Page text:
Jacob Heilbrunn

The Disgusting New Bill Ayers Controversy

Here's one question that would cause President Obama fits at his next press conference: What do you think about the decision of the board of trustees of the University of Illinois at Chicago to deny Bill Ayers, a co-founder of the communist Weather Underground and husband of fellow radical Bernardine Dohrn, emeritus status?

The chairman of the board is one Christopher Kennedy. It seems that he had a small issue with Ayers--like the fact that Ayers dedicated a book he co-wrote in 1974 called Prairie Fire to such "political prisoners" as Sirhan Sirhan, the assassin who murdered his father, Robert F. Kennedy, in 1968.

Yet now some on the faculty at the University of Illinois are portraying this as petty, bad manners, even churlish on Kennedy's part. The Wall Street Journal reports,

This week, faculty members will begin formally debating whether to ask the board of trustees to reconsider the vote. The rejection has drawn support in hundreds of messages to the university and newspapers.

If the faculty is like the faculties at most universities, it will choose the path of moral cowardice. The thinking of Ayers' defenders seems to go something like this: why hold a grudge after all these years, why not let bygones be bygones? Thus professor Elliot Kaufman says that Kennedy had a "conflict of interest" that he unfairly imposed on the rest of the trustees in the form of giving an impassioned speech against Ayers. A conflict of interest! Actually, what he has is real insight into the squalid nature of Ayers' character.

Ayers has never apologized for his violence, never shown real contrition. Instead, he seeks to palliate and exculpate his crimes and portray the American government as the true criminal for prosecuting the Vietnam War. He is a classic radical--the son of  wealthy business executive who played at revolution, a thug masquerading as a humanitarian, someone who loves humanity but not individual human beings. His memoir Fugitive Days, a farrago of lies about his radical record, came out just before September 11, 2001. The New York Times had this to report:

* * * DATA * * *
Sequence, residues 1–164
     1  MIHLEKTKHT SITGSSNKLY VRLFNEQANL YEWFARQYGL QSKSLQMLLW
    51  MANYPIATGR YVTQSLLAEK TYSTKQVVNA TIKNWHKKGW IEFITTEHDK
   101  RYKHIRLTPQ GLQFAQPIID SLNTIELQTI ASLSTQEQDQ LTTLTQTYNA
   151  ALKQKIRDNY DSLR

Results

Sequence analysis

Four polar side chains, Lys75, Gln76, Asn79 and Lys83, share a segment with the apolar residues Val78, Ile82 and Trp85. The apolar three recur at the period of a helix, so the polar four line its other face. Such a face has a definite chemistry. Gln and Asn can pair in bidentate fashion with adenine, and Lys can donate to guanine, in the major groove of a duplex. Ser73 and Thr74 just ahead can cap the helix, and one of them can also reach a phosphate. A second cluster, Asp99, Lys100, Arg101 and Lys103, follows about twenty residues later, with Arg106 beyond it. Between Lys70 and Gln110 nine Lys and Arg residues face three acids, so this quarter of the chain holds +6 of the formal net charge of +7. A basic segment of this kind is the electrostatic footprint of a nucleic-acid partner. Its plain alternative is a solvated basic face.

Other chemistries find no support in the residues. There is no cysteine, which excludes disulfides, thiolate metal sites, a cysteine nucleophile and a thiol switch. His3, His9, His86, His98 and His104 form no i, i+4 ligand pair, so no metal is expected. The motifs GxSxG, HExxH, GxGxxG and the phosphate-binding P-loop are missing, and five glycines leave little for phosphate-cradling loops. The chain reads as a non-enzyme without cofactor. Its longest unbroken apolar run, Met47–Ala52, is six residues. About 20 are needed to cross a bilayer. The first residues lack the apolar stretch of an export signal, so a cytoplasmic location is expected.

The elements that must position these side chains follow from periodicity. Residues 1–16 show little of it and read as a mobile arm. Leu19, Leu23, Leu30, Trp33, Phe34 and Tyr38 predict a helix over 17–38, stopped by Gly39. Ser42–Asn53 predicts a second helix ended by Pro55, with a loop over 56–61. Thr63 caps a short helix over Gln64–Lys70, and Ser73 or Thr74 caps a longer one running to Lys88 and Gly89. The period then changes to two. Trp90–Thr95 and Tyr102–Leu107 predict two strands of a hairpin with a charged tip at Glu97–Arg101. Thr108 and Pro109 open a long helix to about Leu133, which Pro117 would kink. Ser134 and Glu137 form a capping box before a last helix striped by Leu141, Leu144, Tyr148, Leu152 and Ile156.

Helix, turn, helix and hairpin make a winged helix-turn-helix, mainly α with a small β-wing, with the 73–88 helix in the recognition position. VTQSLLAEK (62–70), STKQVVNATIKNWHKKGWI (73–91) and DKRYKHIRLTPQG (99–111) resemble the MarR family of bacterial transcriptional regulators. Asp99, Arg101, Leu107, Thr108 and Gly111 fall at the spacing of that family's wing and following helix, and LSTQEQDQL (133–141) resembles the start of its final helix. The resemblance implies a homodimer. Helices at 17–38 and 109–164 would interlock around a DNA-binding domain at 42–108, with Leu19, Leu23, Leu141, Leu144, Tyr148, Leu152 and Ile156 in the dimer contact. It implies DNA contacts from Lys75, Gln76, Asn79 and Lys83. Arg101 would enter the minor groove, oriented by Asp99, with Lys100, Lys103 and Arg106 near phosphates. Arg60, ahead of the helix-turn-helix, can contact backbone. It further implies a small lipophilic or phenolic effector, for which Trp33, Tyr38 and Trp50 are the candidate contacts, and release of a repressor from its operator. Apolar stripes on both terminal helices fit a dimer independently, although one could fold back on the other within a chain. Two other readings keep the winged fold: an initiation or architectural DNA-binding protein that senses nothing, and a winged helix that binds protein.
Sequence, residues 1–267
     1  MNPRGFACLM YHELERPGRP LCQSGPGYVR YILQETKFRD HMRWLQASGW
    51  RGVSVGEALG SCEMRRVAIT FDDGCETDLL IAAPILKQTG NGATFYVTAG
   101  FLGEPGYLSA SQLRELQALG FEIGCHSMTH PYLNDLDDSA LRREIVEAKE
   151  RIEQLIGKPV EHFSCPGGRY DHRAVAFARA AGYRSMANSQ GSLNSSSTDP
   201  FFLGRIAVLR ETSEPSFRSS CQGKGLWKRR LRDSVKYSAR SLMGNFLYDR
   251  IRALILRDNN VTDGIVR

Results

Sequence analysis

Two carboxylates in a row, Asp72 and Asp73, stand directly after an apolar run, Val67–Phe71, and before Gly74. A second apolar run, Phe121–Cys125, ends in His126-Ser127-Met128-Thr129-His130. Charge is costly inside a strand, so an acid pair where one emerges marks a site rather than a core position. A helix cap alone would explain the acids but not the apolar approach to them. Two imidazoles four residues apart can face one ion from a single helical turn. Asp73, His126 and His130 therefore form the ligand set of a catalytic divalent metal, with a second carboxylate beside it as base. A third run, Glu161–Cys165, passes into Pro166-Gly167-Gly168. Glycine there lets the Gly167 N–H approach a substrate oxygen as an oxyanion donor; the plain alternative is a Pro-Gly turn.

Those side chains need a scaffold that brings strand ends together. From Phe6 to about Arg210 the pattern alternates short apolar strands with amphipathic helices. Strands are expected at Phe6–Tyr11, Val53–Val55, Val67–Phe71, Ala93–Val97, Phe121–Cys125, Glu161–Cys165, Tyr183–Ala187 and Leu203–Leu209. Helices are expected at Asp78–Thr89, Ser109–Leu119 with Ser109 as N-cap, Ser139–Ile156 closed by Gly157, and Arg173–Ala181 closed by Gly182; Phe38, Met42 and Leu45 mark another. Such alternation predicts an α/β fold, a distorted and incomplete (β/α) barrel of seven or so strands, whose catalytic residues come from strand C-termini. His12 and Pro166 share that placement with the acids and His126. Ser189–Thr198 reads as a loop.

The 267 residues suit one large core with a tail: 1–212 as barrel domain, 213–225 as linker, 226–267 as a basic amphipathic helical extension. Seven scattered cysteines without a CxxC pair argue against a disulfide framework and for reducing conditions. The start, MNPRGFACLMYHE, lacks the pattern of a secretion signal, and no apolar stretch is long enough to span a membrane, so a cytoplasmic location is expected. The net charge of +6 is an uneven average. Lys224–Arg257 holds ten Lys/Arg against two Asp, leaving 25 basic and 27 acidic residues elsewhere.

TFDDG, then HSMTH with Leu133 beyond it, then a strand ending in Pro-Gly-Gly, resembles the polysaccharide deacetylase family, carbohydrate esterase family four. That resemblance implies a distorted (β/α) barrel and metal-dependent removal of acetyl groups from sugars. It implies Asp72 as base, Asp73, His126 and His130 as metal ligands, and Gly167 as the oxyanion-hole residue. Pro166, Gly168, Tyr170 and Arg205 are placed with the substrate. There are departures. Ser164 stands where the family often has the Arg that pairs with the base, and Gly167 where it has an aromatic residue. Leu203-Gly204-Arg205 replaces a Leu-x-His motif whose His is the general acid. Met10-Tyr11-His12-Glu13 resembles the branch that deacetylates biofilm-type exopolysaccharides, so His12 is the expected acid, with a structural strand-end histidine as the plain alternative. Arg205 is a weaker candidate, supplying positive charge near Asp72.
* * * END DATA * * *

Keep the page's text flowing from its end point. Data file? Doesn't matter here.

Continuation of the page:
''I don't regret setting bombs,'' Bill Ayers said. ''I feel we didn't do enough.'' Mr. Ayers, who spent the 1970's as a fugitive in the Weather Underground, was sitting in the kitchen of his big turn-of-the-19th-century stone house in the Hyde Park district of Chicago. The long curly locks in his Wanted poster are shorn, though he wears earrings. He still has tattooed on his neck the
rainbow-and-lightning Weathermen logo that appeared on letters taking responsibility for bombings.

Which is why Paul Berman had it exactly right when he noted that Ayers is different from someone like a Joschka Fischer, who could confront his radical past and go on to become foreign minister of Germany. Ayers, by contrast, has remained an unreconstructed ideologue:

Armed left-wing movements like the Weather Underground cropped up all over the world in the late 1960s, and failed everywhere. In France, Italy, Germany and other places, a good many earnest souls with backgrounds in the armed left-wing movements of that time, or in the wider circles that lent support to those movements, long ago owned up to their own crimes and errorsnot just their violent tactics, but their goals, which were a communist revolution. Some of those people managed to establish their democratic bona fides, too, and have made their way in the political world. But not Ayers. He has learned nothing. He is still proud of himself.

The problem, then, isn't that Ayers was denied emeritus status. It's that he was ever on campus in the first place. As Christopher Kennedy put it, "There can be no place in a democracy to celebrate political assassinations or to honor those who do so." Right on.